Tuesday, December 10, 2019

Posted at: Aug 30, 2019, 6:51 AM; last updated: Aug 30, 2019, 6:51 AM (IST)

277 farmers join save water initiative

277 farmers join save water initiative
Gurdip Singh Rai shows the meter installed in his fields by the PSPCL at Bambiwal village in Jalandhar. Tribune Photo: Malkiat Singh

Avneet Kaur

Jalandhar, August 29

The ‘Paani Bachao, Paise Kamao’ campaign, launched by the state government to check depletion of underground water by offering financial benefits to the farmers for every unit of power they save, has started yielding good results. As many as 277 farmers have applied for the scheme with the Punjab State Power Corporation Limited (PSPCL).

Besides, a total subsidy of Rs 15.74 lakh for saving 3,93,645 units has been disbursed among the enrolled consumers of six pilot feeders so far, as per reports of the Energy and Resources Institute (TERI).

Launched in June 2018, the scheme is a direct benefit transfer for electricity (DBTE) to agriculture pumpset consumers and had six feeders in Jalandhar, Hoshiarpur and Fatehgarh Sahib districts in the first phase of its implementation, covering a total of 940 consumers in over 30 villages.

Also, 20 demo farms have also been set up in the three of six feeders under the scheme. “With demo farms, the scheme is generating awareness and actively handholding farmers in adopting various techniques and practices, while also establishing linkages with relevant government departments to avail subsidies,” said Mandeep Singh, Agriculture Development Officer, Jalandhar.

He said World Bank and Abdul Latif Jameel Poverty Action Lab (J-PAL) were supporting in implementing the scheme on new feeders along with The Energy and Resource Institute (TERI), IT Power India (ITPI) and Punjab Agricultural University (PAU). Gurdip Singh Rai, a farmer from Bambiwal village who has enrolled himself in the scheme, said: “I saved 854.84 electricity units and received an incentive of Rs 3,419, which was directly transferred into my account in May.”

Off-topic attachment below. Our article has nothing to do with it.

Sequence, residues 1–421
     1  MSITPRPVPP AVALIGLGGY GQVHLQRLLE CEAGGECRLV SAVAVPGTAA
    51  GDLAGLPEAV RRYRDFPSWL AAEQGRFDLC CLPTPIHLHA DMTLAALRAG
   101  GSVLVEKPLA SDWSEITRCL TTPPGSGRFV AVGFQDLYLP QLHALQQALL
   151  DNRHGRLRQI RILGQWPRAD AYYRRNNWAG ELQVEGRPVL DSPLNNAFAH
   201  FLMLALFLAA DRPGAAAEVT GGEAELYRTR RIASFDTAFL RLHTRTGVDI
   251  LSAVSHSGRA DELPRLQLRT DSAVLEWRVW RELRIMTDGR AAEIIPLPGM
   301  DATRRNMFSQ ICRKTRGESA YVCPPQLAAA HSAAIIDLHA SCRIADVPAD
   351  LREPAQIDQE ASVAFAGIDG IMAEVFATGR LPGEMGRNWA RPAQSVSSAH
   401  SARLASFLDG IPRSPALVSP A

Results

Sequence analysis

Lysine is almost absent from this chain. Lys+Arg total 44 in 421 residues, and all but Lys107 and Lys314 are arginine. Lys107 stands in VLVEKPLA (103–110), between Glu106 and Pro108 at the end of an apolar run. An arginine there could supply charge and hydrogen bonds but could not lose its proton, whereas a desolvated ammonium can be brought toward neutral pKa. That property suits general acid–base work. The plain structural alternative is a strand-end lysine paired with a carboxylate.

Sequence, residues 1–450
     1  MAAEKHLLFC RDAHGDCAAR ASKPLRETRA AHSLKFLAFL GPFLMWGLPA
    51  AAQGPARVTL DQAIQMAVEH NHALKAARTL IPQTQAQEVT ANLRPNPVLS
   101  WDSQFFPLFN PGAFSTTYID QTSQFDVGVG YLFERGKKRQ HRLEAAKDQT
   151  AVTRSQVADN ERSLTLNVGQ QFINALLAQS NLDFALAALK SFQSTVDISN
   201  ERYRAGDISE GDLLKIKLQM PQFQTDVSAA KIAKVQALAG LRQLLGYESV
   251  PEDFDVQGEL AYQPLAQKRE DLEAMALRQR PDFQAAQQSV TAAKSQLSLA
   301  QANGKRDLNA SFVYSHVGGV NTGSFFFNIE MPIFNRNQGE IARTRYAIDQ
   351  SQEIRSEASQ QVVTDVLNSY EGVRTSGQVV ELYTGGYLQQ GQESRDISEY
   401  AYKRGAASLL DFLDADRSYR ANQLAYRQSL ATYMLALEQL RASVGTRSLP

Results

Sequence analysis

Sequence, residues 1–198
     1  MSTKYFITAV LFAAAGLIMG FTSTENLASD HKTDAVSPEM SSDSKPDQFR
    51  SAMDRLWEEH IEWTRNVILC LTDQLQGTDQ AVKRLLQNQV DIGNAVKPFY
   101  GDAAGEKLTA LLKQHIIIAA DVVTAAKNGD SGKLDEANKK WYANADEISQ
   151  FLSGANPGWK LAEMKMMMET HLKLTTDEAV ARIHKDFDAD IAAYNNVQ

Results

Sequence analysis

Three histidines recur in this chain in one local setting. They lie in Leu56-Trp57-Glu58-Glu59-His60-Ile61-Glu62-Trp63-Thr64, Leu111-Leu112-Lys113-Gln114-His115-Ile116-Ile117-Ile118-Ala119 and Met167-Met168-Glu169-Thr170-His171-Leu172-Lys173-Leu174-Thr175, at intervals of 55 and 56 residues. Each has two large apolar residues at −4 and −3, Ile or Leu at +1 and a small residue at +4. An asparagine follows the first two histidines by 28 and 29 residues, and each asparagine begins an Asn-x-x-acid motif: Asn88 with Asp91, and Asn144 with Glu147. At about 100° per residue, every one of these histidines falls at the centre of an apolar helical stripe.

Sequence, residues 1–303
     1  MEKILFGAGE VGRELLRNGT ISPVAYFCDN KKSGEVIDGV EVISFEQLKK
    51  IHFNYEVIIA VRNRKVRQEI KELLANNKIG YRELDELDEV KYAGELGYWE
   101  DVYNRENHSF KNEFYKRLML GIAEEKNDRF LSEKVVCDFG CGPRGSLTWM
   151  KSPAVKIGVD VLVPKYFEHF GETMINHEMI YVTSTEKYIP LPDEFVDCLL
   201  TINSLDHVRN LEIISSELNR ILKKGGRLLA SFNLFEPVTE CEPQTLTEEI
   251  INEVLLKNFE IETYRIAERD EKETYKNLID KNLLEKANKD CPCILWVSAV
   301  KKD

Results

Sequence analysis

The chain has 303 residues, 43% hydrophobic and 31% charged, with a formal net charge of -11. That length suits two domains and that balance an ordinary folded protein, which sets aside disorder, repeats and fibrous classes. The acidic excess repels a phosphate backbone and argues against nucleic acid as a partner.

Navdeep Samra, SDO, PSPCL, said the scheme had entrusted the responsibility of judiciously using water and electricity on to the farmers. “The farmers are more conscious while using tubewell. The scheme has brought greater awareness regarding the depleting groundwater among farmers and we expect more enrollments in the second phase,” he said.

About the scheme 

  • Under the scheme, agricultural consumers are given a fixed electricity allocation (kWh/hp) for a two-month billing cycle for paddy and non-paddy seasons. 

  • For electricity consumption measured from individual meters that is lower than the fixed allocation, the farmer will get Rs 4 per kWh. Excess consumption above the fixed allocation, however, attracts no charge. 

Major challenges 

  • Most of the farmers have taken land on lease. Even if they save electricity and water, the subsidy goes to the land owner, not to the farmer.

  • The meters installed in the fields of majority of the farmers are still in the name of the deceased family member — grandfather or father. Thus, they do not qualify for enrollment under the scheme.



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